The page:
Without question, the duo’s willingness to ask for help and acquire a team of experts has contributed to Bulletin’s explosive success. That, and the company’s fortuitous decision to pivot exclusively online only months before the pandemic took hold, set it up for massive growth — 30% month over month last year — without any paid marketing. “I think that 30% month-over-month metric can be attributed to the fact that there were very few players ready to fill in the gaps of trade shows and showrooms and wholesale reps going out of business for over a year,” Kriegsman says.
“Bulletin was there to pick up the pieces and help these buyers and sellers continue to do business together,” Kriegsman continues. “Right now, I think we’re only just scratching the surface of the future of wholesale retail and retail tech. I think there is going to be a massive boom in business for online marketplaces as brands and retailers continue to reassess the significance of trade shows. I think there will be a type of trade show that emerges where it’s less about posting all of your products and paying tens of thousands of dollars for a booth, and more about relationship building and connection.”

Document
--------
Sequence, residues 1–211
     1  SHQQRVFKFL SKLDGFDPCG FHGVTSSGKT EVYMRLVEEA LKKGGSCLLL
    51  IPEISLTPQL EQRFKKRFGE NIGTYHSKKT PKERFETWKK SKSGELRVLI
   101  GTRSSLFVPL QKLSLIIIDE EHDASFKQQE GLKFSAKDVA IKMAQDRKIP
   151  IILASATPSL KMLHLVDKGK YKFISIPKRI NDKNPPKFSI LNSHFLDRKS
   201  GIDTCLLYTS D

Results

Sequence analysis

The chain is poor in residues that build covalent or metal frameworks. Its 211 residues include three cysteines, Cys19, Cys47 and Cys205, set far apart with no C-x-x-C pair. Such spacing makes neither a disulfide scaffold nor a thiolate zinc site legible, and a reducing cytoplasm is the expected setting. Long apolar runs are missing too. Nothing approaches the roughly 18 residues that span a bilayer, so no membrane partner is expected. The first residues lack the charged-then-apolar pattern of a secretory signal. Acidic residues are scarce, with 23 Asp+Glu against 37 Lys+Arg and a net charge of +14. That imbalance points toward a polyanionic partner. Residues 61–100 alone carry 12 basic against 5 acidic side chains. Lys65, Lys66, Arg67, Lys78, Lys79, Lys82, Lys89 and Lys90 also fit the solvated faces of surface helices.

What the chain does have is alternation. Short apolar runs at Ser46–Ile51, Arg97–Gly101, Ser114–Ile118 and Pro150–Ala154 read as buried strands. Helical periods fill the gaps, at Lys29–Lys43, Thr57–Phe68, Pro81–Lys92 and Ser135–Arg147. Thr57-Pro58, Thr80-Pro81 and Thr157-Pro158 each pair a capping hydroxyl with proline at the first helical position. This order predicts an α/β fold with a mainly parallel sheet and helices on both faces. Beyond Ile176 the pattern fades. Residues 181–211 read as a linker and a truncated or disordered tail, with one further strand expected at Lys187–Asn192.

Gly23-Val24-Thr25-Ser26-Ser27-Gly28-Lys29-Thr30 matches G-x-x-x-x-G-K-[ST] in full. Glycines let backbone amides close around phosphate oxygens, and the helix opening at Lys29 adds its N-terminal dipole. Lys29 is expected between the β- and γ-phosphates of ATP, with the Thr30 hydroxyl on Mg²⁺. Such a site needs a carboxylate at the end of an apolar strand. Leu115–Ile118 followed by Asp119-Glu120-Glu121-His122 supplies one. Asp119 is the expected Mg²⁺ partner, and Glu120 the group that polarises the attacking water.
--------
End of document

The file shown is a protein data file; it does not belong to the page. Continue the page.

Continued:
Those relationships and connections have already contributed to Bulletin’s standout performance. “Most of that growth has come from word of mouth, where it’s brands referring existing retailers, retailers referring other retailers,” Branston says. “Again, that goes back to this whole idea of building a true small-business community where these brands and retailers not only love Bulletin, but they also want to be inviting their peers onto the marketplace as well.”
Accelerated by retail’s increasingly digital shift and the rise of social shopping, Bulletin’s explosive growth shows no signs of slowing down. At the time of this interview in June, Bulletin had nearly 1,600 brands and almost 11,000 retailers. “By the time this gets published, maybe we’ll have 2,000 brands and 20,000 retailers,” Kriegsman says. “Because we turned on all of our paid-acquisition channels this year, it’s really going gangbusters.”